If you’ve been injured for a long time, you may have thought about changing your foot strike (how and where your foot strikes the ground when you run), in attempt to protect those areas that are causing you grief. Or, if you’re looking to get faster, you may want to change your technique to improve your efficiency. And, in theory, both are great ideas, since studies have linked running technique with both injury risk and performance.
However, if you’re going to change your technique (technique being the key word), you’ve got to do so properly – and with caution – or you might end up worse off…
Separating your foot strike from your overall running style can be problematic, warns chartered physiotherapist Terry Smith, who has worked in the industry for over a decade and currently works for the British Military as Lead Civilian Physiotherapist at DMRC Headley Court. “It’s not a good idea to separate running style into body parts or even phases like swing phase or foot strike,” he says. Those phases are just labels we give different parts of the running cycle to help us understand it better. The reality is that your body is one interconnected organism and your running technique is a flowing, organic movement, whereby each moment is the result of what happened in the previous movement.
“If I wanted to change [my athlete’s] foot strike then I would adjust something else in their running technique that would automatically lead to a change in foot strike, rather than getting my athlete to specifically think about where to place their foot.” Smith also says that, when changing technique, the type of shoes you wear is not important. “You can run with good technique in any shoe.”
To change or adjust part of your technique, recruiting a coach will ensure you do so properly and safely. “You may change your foot strike and find it helps your injuries and improves your performance,” says Smith. “The real danger is it might not and, instead, lead you down the injury avenue. The reality is that, without guidance, the result of your experiment will be a matter of luck rather than judgement. My advice would be to find a coach or health professional that specialises in running and do your research on them! If you like what you see then strike up a relationship with them and follow their advice.”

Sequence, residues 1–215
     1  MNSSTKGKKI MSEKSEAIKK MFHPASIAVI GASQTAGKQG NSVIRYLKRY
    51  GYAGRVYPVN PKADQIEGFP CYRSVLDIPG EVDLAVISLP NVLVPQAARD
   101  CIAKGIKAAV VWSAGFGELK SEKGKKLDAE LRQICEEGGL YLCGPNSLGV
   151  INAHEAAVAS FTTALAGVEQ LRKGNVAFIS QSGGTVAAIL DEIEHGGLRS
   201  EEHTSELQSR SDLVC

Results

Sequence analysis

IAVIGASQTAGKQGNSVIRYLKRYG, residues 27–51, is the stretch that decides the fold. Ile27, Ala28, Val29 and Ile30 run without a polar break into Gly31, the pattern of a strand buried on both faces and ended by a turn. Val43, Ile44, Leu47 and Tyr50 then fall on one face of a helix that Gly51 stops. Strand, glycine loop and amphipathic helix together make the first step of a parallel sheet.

However, unless you have good reason to change your running style, it may be best left alone. “I would very openly say that, if you’re not injured and you are running well, I would not touch your running technique at all,” says Smith. “In that case, I would concentrate on consistent training, which is where the magic happens.”
However, if you’re struggling to rid yourself of injury or your performance is really suffering, changing your technique can indeed be beneficial – provided you get the right guidance. “Not all coaches and health professionals are created equal,” says Smith. “Find someone that specialises in running and see if they know what they are talking about. Get a sense of what they are like and whether their style is right for you. I think if you want to be good in any area of life, having a coach or a mentor to learn from and bounce ideas off is vital.”
For more physio and coaching advice from Terry Smith, visit londonrunningpt.com.